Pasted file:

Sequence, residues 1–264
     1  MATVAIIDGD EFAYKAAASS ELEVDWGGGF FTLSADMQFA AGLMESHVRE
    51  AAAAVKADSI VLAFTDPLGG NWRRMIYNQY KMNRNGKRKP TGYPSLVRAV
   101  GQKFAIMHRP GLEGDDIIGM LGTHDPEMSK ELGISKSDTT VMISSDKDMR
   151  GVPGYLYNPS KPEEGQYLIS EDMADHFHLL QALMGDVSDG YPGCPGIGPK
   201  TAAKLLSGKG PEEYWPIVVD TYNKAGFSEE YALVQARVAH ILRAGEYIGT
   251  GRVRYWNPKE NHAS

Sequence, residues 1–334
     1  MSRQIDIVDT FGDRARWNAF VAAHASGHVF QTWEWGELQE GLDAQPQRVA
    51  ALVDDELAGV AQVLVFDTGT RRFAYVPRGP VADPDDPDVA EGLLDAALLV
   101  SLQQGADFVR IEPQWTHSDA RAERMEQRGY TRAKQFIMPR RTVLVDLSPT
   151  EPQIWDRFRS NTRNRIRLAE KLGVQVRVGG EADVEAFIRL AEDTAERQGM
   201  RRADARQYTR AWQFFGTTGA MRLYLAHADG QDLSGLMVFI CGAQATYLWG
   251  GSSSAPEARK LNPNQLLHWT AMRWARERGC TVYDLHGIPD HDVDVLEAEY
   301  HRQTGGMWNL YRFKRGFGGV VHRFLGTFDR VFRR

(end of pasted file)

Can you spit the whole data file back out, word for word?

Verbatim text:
Sequence, residues 1–264
     1  MATVAIIDGD EFAYKAAASS ELEVDWGGGF FTLSADMQFA AGLMESHVRE
    51  AAAAVKADSI VLAFTDPLGG NWRRMIYNQY KMNRNGKRKP TGYPSLVRAV
   101  GQKFAIMHRP GLEGDDIIGM LGTHDPEMSK ELGISKSDTT VMISSDKDMR
   151  GVPGYLYNPS KPEEGQYLIS EDMADHFHLL QALMGDVSDG YPGCPGIGPK
   201  TAAKLLSGKG PEEYWPIVVD TYNKAGFSEE YALVQARVAH ILRAGEYIGT
   251  GRVRYWNPKE NHAS

Sequence, residues 1–334
     1  MSRQIDIVDT FGDRARWNAF VAAHASGHVF QTWEWGELQE GLDAQPQRVA
    51  ALVDDELAGV AQVLVFDTGT RRFAYVPRGP VADPDDPDVA EGLLDAALLV
   101  SLQQGADFVR IEPQWTHSDA RAERMEQRGY TRAKQFIMPR RTVLVDLSPT
   151  EPQIWDRFRS NTRNRIRLAE KLGVQVRVGG EADVEAFIRL AEDTAERQGM
   201  RRADARQYTR AWQFFGTTGA MRLYLAHADG QDLSGLMVFI CGAQATYLWG
   251  GSSSAPEARK LNPNQLLHWT AMRWARERGC TVYDLHGIPD HDVDVLEAEY
   301  HRQTGGMWNL YRFKRGFGGV VHRFLGTFDR VFRR